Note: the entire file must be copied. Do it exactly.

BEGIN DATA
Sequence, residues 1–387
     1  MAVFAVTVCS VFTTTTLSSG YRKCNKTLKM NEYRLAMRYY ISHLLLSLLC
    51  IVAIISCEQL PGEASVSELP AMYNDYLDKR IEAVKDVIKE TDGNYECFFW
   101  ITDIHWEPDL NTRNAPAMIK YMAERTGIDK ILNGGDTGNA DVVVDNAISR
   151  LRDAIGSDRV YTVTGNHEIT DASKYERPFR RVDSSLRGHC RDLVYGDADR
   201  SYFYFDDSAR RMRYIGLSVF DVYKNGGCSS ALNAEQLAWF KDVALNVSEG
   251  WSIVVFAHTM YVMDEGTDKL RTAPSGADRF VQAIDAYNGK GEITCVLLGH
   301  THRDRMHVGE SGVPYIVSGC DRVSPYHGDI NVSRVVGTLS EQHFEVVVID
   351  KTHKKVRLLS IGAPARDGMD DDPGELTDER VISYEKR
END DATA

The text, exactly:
Sequence, residues 1–387
     1  MAVFAVTVCS VFTTTTLSSG YRKCNKTLKM NEYRLAMRYY ISHLLLSLLC
    51  IVAIISCEQL PGEASVSELP AMYNDYLDKR IEAVKDVIKE TDGNYECFFW
   101  ITDIHWEPDL NTRNAPAMIK YMAERTGIDK ILNGGDTGNA DVVVDNAISR
   151  LRDAIGSDRV YTVTGNHEIT DASKYERPFR RVDSSLRGHC RDLVYGDADR
   201  SYFYFDDSAR RMRYIGLSVF DVYKNGGCSS ALNAEQLAWF KDVALNVSEG
   251  WSIVVFAHTM YVMDEGTDKL RTAPSGADRF VQAIDAYNGK GEITCVLLGH
   301  THRDRMHVGE SGVPYIVSGC DRVSPYHGDI NVSRVVGTLS EQHFEVVVID
   351  KTHKKVRLLS IGAPARDGMD DDPGELTDER VISYEKR